Most people have never heard of epazote, however, you have probably tasted it and wondered exactly what it was. Epazote is the leaf in black beans and that great lemony aftertaste in an authentic salsa.
Raw, it has a resinous, medicinal pungency, similar to the liquorice taste of anise, fennel, or even tarragon, but stronger. Epazote’s fragrance is strong, but difficult to describe. It has been compared to citrus, petroleum, savory, mint and putty.
Although it is traditionally used with black beans for flavor and its antiflatulent properties, it is also sometimes used to flavor other traditional Mexican dishes as well: it can be used to season quesadillas and sopes (especially those containing huitlacoche), soups, mole de olla, tamales with cheese and chile, chilaquiles, eggs and potatoes and enchiladas.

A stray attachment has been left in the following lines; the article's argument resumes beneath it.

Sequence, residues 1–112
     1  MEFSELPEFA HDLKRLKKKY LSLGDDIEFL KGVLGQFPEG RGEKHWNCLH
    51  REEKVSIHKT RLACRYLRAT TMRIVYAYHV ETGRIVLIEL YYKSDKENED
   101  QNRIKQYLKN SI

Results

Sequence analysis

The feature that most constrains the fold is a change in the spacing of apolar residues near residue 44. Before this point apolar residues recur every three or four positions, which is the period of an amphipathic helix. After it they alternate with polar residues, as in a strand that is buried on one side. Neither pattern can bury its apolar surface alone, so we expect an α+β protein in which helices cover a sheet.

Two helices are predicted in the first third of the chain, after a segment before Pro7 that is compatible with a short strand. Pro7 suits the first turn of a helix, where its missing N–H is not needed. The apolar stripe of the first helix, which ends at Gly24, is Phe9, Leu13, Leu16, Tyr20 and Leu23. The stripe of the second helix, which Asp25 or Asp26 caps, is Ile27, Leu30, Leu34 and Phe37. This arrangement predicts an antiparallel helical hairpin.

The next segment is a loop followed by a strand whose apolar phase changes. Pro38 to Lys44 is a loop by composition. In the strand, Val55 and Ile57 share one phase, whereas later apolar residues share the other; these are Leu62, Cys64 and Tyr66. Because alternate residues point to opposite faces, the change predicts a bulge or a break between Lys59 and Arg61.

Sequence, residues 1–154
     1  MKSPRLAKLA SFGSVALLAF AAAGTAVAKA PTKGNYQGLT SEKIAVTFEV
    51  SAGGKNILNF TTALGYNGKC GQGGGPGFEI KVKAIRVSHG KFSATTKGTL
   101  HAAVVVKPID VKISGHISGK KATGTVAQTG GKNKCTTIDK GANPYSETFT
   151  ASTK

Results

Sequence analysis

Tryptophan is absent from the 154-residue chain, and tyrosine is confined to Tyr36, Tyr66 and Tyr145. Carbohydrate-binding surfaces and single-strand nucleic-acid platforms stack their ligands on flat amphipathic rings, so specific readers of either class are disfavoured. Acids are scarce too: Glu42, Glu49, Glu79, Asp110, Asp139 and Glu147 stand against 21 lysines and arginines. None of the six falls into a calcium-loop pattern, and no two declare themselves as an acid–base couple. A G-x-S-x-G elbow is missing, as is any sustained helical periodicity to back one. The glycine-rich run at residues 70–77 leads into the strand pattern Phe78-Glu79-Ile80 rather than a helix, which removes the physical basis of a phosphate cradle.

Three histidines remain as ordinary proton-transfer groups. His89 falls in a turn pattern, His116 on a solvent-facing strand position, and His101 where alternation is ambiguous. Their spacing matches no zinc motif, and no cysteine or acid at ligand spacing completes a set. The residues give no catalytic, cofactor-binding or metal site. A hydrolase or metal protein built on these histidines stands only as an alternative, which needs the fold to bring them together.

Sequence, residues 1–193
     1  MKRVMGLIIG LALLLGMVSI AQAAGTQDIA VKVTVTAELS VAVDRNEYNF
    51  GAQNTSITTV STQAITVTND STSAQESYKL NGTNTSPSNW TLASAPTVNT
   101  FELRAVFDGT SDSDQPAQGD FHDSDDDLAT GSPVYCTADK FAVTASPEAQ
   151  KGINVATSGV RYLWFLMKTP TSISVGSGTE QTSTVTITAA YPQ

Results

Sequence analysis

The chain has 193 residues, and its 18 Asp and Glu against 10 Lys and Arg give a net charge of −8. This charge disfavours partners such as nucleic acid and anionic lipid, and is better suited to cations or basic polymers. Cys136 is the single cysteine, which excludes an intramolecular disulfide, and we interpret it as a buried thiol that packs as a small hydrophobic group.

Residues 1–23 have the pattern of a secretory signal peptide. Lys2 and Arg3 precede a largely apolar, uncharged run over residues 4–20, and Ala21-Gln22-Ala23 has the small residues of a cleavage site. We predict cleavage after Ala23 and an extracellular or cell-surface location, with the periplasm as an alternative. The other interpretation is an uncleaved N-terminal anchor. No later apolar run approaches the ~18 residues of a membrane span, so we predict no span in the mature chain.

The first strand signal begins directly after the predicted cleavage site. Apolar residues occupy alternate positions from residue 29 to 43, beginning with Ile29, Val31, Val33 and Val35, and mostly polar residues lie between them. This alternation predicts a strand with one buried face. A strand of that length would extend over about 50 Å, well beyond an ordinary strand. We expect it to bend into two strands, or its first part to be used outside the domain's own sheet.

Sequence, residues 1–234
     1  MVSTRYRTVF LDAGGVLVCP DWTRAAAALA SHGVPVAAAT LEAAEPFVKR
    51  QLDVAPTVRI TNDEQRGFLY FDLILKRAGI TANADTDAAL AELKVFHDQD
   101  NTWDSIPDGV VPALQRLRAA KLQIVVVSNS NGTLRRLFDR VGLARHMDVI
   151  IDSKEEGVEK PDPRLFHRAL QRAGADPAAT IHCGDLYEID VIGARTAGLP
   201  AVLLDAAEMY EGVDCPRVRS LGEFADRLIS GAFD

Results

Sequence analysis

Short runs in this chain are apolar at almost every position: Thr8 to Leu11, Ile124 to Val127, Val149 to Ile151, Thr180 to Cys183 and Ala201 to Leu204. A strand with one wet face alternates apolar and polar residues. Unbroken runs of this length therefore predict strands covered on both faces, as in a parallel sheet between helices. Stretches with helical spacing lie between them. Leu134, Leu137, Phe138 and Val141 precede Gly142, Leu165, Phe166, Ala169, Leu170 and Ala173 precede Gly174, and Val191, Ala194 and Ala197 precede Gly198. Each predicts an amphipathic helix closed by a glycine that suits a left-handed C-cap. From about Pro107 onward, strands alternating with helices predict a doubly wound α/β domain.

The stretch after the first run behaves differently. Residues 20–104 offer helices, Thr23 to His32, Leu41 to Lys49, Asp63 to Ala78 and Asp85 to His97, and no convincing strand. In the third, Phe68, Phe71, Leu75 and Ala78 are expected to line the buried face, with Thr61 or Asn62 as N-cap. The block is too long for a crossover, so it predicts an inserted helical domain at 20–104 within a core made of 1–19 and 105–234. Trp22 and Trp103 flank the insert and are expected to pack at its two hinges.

Also know as Mexican tea, wormseed and stinkweed.
Epazote can normally be found fresh in Mexican grocery stores or is available air-dried.
Often, the first time a person tastes epazote, they feel an instant dislike – almost a gag reflex for some. Given time, most people will acquire a taste for it. Epazote is an essential ingredient in authentic Mexican cuisine.
WARNING: Epazote can be toxic especially during pregnancy